Fatigue, Psychological Distress, Coping Resources, and Functional Status During Radiotherapy for Uterine Cancer
Purpose/Objectives: To evaluate how patients diagnosed with uterine cancer experience fatigue, psychological distress, coping resources, and functional status before, during, and after treatment with radiation therapy and to study whether significant correlations exist among these variables.
Design: Longitudinal, descriptive, and correlational.
Setting: The Department of Oncology, Sahlgrenska University Hospital, Gothenburg, Sweden.
Sample: 60 women diagnosed with uterine cancer who were receiving curative external radiation therapy. Typical participants were 64 years old, married, and on sick leave or retired from work.
Methods: Data were collected through self-report instruments. Demographic and clinical data were extracted from the patients' records.
Main Research Variables: Cancer-related fatigue, psychological distress, coping resources, and functional status.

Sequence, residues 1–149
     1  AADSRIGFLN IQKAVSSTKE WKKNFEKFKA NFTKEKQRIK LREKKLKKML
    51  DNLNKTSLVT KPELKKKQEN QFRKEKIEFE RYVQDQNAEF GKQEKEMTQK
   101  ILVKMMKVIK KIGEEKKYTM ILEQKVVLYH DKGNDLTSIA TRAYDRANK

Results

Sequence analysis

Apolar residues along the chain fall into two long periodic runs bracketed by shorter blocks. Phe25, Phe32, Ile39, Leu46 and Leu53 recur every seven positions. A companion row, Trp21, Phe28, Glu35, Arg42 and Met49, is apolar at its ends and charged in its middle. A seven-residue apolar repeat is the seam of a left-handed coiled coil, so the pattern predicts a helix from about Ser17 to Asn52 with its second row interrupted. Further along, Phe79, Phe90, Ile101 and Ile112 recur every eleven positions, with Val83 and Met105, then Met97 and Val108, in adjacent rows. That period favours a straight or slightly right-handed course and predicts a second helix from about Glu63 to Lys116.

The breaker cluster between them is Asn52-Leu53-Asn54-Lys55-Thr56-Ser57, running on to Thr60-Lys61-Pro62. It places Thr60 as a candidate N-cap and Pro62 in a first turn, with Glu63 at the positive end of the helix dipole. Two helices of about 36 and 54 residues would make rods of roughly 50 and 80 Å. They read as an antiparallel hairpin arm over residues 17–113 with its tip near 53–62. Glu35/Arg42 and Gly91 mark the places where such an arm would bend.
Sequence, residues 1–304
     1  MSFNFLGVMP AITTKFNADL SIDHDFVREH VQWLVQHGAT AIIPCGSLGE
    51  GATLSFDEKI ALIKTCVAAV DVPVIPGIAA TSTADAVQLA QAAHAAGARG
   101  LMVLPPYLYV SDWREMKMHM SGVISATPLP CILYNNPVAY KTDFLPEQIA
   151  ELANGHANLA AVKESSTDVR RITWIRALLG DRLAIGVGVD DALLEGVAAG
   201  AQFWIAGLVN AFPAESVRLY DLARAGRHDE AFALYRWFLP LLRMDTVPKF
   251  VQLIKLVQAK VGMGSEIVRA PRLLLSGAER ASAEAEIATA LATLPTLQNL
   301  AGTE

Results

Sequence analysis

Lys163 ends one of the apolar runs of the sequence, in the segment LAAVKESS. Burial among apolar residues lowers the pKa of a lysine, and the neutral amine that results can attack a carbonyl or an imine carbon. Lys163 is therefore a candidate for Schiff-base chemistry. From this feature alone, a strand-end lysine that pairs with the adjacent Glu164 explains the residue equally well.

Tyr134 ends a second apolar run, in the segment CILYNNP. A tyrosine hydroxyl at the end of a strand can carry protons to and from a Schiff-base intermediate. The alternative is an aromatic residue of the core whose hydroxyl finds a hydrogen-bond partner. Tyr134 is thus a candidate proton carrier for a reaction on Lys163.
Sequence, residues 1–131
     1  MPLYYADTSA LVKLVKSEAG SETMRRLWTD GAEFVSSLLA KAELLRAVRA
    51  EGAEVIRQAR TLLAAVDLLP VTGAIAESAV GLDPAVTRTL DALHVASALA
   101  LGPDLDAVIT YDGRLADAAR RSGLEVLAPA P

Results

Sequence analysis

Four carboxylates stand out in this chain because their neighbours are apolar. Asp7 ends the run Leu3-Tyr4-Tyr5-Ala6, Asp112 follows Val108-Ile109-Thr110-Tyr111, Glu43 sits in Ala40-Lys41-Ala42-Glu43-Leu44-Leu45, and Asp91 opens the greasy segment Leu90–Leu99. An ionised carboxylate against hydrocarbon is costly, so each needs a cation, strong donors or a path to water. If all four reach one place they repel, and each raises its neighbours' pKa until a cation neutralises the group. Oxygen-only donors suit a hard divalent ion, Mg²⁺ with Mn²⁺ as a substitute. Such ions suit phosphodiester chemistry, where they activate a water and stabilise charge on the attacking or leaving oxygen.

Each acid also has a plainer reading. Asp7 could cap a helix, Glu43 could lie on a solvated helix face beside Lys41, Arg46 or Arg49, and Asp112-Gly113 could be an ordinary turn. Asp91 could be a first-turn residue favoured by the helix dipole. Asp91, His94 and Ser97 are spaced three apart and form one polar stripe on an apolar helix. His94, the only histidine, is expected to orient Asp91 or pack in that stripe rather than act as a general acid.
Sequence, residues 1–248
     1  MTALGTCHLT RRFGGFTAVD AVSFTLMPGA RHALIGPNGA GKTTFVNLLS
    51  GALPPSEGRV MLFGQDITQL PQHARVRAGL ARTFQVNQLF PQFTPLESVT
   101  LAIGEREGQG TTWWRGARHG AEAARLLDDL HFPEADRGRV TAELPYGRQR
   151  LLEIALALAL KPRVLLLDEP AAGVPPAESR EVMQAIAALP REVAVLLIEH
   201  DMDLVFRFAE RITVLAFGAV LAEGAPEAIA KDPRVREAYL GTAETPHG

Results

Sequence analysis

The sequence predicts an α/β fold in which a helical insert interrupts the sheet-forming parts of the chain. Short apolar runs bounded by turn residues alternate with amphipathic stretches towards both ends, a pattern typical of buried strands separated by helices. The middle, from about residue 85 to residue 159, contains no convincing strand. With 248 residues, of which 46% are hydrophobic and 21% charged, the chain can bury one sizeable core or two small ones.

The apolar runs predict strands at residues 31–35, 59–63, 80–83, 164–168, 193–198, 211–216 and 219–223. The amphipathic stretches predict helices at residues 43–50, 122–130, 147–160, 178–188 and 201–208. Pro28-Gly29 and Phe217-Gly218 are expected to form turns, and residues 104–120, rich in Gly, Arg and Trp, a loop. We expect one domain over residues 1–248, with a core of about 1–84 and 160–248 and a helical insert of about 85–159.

Findings: Patients' fatigue scores increased significantly during and after completion of radiotherapy. The participants reported normal levels of anxiety and depression, and their coping resources changed over time. After completing therapy, all dimensions of function had decreased; for social function, the decrease was significant. The correlation over time was significant among fatigue and physical function, role function, and cognitive function. The variation of the change in fatigue after therapy was completed was explained only by the level of fatigue experienced at baseline.
Conclusions:Fatigue is a symptom that increases in connection with radiotherapy. Functional status is influenced by the variation in fatigue levels. Fatigue level before treatment may be an important variable when trying to find a risk factor for the development of fatigue over the course of treatment.
Implications for Nursing:Nurses must inform patients receiving radiotherapy about the expected changes in fatigue and functional status. Pretreatment screening for fatigue is needed to identify patients at risk for developing fatigue.